Libya: ‘official’ regime to lose control of Tripoli?

Armed street clashes have rocked Tripoli over the past week, as militias linked to the UN-backed Government of National Accord (GNA) have vied for control of the Libyan capital with rival militias that have launched an offensive on the city from the southeast. The most significant of these is the 7th Brigade from the town of Tarhuna—also known as as the Kaniat Brigade, led by the Kani brothers. The 7th Brigade has rejected the truce, vowing to continue fighting until it "cleanses Tripoli of militias." The 7th Brigade has reportedly assumed control of the airport. There have been reports that that GNA has launched air-strikes on Tarhuna, but these were denied by the Presidential Council, which said that the strikes targeted only "aggressor" postitions inside Tripoli. The city's electricity has intermittently gone out amid the fighting, and access to Facebook—the only news source for most Libyans—has been blocked, although it is unclear by whom. The GNA has declared a state of emergency in the city, and Prime Minister Fayez al-Sarraj has formed a "crisis committee" to try to broker peace. But warlord Khalifa Haftar in Benghazi, who is loyal to Libya's unrecognized eastern government, anticipated the fall of Tripoli, saying that "liberating the Libyan capital is inevitable." (Middle East Eye, Libya Observer, Libya Observer, Libya Observer, Libya Observer, Libya Observer, Libya ObserverAl Jazeera, Libya Herald, Reuters )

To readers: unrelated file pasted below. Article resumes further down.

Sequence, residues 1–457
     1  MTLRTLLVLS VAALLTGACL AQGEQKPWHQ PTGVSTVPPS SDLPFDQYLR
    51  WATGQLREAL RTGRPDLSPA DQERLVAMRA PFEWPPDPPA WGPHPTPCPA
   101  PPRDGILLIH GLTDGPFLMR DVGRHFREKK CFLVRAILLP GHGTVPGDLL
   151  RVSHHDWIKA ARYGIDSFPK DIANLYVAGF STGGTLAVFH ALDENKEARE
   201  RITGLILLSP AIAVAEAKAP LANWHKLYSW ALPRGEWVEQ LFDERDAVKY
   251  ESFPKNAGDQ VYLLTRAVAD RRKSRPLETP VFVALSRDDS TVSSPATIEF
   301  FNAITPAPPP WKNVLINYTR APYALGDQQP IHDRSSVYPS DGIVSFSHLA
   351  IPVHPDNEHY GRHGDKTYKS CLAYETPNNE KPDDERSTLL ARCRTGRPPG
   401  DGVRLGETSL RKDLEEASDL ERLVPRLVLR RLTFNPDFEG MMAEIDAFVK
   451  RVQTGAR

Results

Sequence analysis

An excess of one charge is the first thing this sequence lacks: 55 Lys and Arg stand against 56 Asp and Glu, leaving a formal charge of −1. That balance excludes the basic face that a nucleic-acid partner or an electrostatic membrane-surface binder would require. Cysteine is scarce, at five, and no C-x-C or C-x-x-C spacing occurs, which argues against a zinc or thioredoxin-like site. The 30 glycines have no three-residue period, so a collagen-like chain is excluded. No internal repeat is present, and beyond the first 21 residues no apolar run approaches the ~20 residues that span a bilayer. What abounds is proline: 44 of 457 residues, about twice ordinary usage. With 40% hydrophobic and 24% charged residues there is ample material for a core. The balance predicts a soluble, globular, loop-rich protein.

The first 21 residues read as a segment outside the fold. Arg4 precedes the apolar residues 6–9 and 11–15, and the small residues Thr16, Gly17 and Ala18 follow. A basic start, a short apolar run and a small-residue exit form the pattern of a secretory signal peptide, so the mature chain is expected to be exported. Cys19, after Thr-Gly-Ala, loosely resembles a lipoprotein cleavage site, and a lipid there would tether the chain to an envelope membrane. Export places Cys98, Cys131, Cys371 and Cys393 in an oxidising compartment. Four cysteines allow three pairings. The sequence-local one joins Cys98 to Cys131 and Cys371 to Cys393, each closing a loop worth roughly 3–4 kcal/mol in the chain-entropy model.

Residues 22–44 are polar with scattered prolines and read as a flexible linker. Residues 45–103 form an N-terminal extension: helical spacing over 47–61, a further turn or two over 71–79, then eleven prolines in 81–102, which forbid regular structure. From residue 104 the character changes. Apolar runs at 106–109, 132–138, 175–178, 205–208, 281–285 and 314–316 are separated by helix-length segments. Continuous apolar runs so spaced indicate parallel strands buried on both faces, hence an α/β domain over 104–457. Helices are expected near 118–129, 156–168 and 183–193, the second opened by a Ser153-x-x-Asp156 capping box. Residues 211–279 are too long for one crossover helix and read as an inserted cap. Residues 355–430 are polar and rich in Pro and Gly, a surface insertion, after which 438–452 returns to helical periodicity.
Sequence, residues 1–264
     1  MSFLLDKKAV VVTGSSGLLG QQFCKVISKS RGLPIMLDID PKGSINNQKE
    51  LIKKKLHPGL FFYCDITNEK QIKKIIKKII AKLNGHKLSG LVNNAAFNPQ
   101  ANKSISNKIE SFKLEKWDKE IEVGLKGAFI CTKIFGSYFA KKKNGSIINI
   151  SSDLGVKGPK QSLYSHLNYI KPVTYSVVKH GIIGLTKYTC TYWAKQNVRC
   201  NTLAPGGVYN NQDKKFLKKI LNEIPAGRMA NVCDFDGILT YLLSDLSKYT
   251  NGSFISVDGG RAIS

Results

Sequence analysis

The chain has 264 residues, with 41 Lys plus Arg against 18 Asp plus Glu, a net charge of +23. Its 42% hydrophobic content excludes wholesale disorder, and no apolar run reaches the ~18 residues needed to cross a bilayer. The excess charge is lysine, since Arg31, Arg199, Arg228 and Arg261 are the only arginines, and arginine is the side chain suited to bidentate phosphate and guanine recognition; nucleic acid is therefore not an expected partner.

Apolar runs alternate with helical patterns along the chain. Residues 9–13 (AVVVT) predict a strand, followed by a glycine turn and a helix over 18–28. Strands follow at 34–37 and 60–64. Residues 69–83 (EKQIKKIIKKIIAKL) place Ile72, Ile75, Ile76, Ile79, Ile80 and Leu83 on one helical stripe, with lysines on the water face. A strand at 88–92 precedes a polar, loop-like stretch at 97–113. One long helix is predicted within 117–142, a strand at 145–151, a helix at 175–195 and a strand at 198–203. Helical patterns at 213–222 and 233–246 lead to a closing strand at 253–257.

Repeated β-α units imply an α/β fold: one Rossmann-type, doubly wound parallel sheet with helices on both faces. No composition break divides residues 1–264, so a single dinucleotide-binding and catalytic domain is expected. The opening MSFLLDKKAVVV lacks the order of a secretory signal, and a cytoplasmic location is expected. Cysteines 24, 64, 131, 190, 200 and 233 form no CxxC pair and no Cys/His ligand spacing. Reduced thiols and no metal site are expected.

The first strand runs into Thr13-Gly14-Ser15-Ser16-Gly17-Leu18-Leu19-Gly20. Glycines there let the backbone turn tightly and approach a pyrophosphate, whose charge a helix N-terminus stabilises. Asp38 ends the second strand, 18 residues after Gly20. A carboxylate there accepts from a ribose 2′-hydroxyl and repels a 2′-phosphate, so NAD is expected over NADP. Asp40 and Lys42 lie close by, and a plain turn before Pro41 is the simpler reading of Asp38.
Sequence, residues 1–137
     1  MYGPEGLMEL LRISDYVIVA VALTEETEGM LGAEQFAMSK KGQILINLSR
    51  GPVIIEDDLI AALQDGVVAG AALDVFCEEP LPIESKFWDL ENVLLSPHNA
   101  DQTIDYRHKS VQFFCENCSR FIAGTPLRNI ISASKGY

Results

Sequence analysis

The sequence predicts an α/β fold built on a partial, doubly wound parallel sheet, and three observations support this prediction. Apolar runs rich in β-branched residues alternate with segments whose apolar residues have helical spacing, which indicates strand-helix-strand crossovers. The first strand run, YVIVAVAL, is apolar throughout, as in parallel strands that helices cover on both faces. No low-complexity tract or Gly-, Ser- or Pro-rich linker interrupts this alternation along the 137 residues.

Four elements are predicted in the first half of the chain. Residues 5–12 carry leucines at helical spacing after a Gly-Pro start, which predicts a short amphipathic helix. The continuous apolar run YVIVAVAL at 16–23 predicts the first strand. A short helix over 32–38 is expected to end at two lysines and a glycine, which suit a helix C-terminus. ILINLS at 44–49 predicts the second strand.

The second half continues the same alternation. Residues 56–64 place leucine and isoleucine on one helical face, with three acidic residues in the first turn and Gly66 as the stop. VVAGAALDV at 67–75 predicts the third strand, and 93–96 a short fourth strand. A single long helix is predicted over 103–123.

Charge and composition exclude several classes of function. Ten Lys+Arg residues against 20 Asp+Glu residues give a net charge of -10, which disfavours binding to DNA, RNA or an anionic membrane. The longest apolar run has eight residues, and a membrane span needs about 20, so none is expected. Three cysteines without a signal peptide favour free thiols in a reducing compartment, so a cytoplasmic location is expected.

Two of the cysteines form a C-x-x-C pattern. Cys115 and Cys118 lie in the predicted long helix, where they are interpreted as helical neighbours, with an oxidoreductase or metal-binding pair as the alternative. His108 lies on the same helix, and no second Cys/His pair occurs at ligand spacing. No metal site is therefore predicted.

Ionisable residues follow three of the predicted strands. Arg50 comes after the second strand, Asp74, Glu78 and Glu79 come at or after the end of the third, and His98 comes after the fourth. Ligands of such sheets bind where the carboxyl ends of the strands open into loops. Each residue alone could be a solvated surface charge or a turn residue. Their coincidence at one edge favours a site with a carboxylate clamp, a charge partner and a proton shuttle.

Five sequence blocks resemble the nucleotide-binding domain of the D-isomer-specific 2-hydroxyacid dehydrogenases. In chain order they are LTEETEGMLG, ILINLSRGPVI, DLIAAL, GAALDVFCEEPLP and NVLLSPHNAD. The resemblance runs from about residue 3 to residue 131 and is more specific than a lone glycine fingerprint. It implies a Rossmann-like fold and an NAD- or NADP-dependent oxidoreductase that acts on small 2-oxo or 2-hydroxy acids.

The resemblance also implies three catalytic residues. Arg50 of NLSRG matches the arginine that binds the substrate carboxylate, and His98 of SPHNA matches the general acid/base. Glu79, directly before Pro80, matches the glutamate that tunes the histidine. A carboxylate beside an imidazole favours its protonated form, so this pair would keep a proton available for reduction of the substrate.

Photo: Libya Observer

  1. Libya in the Great Game

    Who to root for in the battle for Tripoli? Haftar appears to be backed by Russia, while the GNA is backed by the Western powers—especially former colonial ruler Italy. The eastern government that Haftar recognizes (or controls?) poses itself as more secular than the GNA, and is also apparently being backed by Egypt to fight Islamists. It also actually appears to mostly control the east of the country, while the GNA seems to have little effective control of any territory outside Tripoli—and may now even be losing control of that. As always, we'd like to hear more about the secular-democratic forces on the ground struggling for political space against all the armed factions…

  2. National Oil Corporation attacked in Tripoli

    Just as a ceasefire was worked out with the rebel militias in Tripoli, the headquarters of the National Oil Corporation in the city was attacked—apparently by jihadists, who shot the place up and threw grenades, leaving at least two dead and several more wounded. The attack recalls that on the National Election Commission in May, which was claimed by ISIS. (Libya Observer,